Editor’s note: A new treatment for chronic lymphocytic leukemia (CLL) has been approved in Europe, meaning that oncologists in Europe can now start prescribing it to their patients. The treatment is specifically meant for people with CLL who have not yet been treated but who have other conditions that make them unable to use standard full-dose fludarabine-based treatment. The new treatment combines a drug called Gazyvaro with the chemotherapy drug chlorambucil. Gazyvaro is an immunotherapy drug, meaning that it boosts a patient’s own immune system to fight cancer.
“Roche (SIX: RO, ROG; OTCQX: RHHBY) today announced that the European Commission has approved Gazyvaro (obinutuzumab) in combination with chlorambucil chemotherapy for the treatment of people with previously untreated chronic lymphocytic leukemia who have comorbidities making them unsuitable for an intensive therapy (full-dose fludarabine based therapy). Outside of the EU and Switzerland, Gazyvaro is marketed as Gazyva.
“ ‘We are proud to make Gazyvaro available for CLL patients in Europe,’ said Sandra Horning, M.D., Roche’s Chief Medical Officer and Head, Global Product Development. ‘Gazyvaro is a new option that helps patients achieve deep responses to treatment that translate to longer lasting remissions.’ ”
“The European approval was based on the outcomes of the CLL11 study which was conducted in close collaboration with the German CLL Study Group. The study showed that Gazyvaro plus chlorambucil met its primary endpoint by significantly reducing the risk of disease worsening or death by 61% compared to MabThera/Rituxan plus chlorambucil (progression free survival; PFS). For patients in the Gazyvaro arm, median PFS was 26.7 months compared with 15.2 months for those in the MabThera/Rituxan arm (HR 0.39, CI 0.31-0.49, p<0.001).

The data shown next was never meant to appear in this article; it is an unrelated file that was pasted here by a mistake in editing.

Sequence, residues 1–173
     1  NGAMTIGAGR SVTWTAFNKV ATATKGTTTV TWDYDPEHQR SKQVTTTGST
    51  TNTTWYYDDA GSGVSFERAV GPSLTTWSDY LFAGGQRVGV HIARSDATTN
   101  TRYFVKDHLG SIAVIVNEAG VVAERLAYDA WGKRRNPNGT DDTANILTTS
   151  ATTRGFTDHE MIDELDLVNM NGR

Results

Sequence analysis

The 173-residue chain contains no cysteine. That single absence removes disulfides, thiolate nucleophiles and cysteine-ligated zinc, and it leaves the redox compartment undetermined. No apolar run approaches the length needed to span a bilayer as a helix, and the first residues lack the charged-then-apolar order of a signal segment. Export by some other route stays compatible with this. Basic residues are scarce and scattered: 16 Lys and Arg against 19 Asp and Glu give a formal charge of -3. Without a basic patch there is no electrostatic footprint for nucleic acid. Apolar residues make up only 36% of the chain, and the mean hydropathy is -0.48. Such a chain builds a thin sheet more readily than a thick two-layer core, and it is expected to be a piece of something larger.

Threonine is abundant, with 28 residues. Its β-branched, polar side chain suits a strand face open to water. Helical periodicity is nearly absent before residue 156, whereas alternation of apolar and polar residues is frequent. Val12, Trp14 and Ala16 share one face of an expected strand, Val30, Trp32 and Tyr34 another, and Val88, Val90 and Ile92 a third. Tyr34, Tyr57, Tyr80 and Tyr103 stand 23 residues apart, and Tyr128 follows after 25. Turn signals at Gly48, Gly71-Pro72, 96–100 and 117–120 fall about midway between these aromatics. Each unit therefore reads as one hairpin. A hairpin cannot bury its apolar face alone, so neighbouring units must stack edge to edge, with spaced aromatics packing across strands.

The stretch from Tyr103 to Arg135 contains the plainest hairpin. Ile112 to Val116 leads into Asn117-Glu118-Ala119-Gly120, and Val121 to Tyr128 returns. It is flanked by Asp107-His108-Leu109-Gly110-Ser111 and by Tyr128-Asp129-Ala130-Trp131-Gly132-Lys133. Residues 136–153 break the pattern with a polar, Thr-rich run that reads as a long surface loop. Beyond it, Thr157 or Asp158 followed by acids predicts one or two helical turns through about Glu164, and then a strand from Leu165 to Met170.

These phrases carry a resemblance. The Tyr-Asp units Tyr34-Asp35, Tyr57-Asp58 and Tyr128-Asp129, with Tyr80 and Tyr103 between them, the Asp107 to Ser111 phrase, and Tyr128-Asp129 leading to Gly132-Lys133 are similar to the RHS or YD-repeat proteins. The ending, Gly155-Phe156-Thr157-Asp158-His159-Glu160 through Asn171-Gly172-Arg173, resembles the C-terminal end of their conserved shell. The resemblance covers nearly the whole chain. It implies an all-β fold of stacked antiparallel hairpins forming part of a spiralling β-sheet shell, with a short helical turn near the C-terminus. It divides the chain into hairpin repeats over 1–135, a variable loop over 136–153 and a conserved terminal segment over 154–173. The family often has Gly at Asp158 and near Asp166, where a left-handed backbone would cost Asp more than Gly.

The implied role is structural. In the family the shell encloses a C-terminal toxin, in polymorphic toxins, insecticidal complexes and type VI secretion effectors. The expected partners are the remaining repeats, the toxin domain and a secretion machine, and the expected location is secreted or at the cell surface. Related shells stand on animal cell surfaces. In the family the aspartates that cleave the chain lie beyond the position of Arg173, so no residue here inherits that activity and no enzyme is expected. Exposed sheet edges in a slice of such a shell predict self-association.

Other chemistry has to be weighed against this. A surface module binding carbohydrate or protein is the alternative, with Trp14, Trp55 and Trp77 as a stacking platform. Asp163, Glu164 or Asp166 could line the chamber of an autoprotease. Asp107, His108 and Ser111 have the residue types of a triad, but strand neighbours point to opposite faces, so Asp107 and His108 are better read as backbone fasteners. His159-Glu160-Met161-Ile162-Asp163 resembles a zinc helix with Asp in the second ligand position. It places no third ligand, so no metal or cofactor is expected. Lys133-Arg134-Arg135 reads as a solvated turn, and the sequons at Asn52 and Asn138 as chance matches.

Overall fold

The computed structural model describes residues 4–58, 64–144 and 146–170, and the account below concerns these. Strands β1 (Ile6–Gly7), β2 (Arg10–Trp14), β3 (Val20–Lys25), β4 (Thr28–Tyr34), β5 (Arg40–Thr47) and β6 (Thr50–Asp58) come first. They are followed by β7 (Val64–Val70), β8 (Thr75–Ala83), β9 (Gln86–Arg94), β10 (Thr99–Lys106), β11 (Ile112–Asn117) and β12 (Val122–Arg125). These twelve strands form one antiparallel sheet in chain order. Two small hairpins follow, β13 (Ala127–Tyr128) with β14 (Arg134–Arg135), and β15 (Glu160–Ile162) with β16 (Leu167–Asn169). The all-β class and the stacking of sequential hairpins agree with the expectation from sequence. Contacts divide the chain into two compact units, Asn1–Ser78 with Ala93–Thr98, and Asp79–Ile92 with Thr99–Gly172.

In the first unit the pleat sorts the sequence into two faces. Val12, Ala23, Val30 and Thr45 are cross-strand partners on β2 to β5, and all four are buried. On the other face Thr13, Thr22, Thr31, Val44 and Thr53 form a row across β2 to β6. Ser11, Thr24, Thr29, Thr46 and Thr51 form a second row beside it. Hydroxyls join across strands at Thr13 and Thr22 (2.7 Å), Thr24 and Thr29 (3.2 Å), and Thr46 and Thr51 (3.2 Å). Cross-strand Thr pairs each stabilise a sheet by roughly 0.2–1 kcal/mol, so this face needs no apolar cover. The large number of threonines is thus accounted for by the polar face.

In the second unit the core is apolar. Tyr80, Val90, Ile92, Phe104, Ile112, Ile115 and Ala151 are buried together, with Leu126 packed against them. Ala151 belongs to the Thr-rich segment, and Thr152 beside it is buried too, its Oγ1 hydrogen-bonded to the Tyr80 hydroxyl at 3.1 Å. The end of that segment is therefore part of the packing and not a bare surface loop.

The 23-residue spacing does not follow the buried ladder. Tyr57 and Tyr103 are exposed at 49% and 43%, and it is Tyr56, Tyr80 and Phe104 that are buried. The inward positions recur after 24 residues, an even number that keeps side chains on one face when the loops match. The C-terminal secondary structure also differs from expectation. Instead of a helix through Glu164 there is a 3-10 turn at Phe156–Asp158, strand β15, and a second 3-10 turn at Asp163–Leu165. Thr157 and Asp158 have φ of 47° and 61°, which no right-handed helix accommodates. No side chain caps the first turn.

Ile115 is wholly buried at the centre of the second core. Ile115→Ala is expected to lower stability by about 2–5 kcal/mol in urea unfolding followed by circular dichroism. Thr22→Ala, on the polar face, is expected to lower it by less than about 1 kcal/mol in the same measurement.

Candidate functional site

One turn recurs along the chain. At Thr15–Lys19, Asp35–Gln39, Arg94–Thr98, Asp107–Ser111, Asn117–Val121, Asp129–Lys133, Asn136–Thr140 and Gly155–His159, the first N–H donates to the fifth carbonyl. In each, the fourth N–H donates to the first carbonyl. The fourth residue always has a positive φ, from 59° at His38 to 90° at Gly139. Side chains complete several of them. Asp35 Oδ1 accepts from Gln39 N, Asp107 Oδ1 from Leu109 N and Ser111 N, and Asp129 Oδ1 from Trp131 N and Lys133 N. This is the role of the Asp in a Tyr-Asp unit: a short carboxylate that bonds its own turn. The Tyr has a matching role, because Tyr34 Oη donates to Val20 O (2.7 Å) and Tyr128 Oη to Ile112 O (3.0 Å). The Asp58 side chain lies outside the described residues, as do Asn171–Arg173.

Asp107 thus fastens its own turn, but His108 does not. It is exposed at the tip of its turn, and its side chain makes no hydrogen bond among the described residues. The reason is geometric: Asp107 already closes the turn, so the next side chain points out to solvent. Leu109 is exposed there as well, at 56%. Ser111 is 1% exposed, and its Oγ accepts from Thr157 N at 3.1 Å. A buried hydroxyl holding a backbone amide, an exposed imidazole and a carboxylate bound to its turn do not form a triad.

“Additional Gazyvaro data from the CLL11 study showed higher complete response rates (21% compared with 7%) and a ten-fold increase in the percentage of people achieving minimal residual disease (MRD) negativity* (37.7% compared with 3.3%) compared to the MabThera/Rituxan arm of the study.”
“The U.S. Food and Drug Administration (FDA) has approved ofatumumab (Arzerra) injection in combination with chlorambucil (Leukeran) for the treatment of previously untreated patients with chronic lymphocytic leukemia (CLL), for whom fludarabine-based therapy is considered inappropriate.
The approval was based on the results of a multicenter, randomized, open-label trial comparing ofatumumab in combination with chlorambucil to single-agent chlorambucil.
Editor’s note: Once a newly developed drug has passed testing in clinical trials with volunteer patients, the U.S. Food and Drug Administration (FDA) decides whether to approve it, allowing doctors throughout the U.S. to prescribe it to patients with certain conditions. The FDA has now approved a new treatment for patients with chronic lymphocytic leukemia (CLL) for whom fludarabine-based treatment is not a good option. The new treatment combines a drug called ofatumumab (brand name Arzerra) with a drug called chlorambucil (Leukeran).
“In a UK phase II study reported in the Journal of Clinical Oncology, Hillmen et al assessed the safety and activity of adding rituximab (Rituxan) to chlorambucil (Leukeran) in first-line treatment of chronic lymphocytic leukemia (CLL). Such a regimen may be an alternative to fludarabine-based treatment or chlorambucil monotherapy in elderly patients and those with comorbidities.
“In the study, 100 patients in 12 UK centers received first-line rituximab (375 mg/m2 on day 1 of cycle 1 and 500 mg/m2 thereafter) plus chlorambucil (10 mg/m2 on days 1–7) for six 28-day cycles. Patients responding but not achieving complete response could receive an additional six cycles of chlorambucil alone.
“Patients had a median age of 70 years (range, 43–86 years) and a median of seven comorbidities, 66% were male, 56% had Binet stage C disease, 36% had IgVH mutation, and 13q deletion, 12q trisomy, 11q deletion, and 17p deletion were present in 43%, 16%, 13%, and 3%, respectively.”
Editor’s note: A new clinical trial with volunteer patients tested a treatment that combines the drug chlorambucil (Leukeran) with the drug rituximab (Rituxan). The treatment was found to be safe, and may be more effective than treatment with chlorambucil alone. This combination treatment might be a good option for people with chronic lymphocytic leukemia (CLL) who might not be able to take fludarabine-based treatment, especially elderly patients and patients with comorbidities (two or more diseases).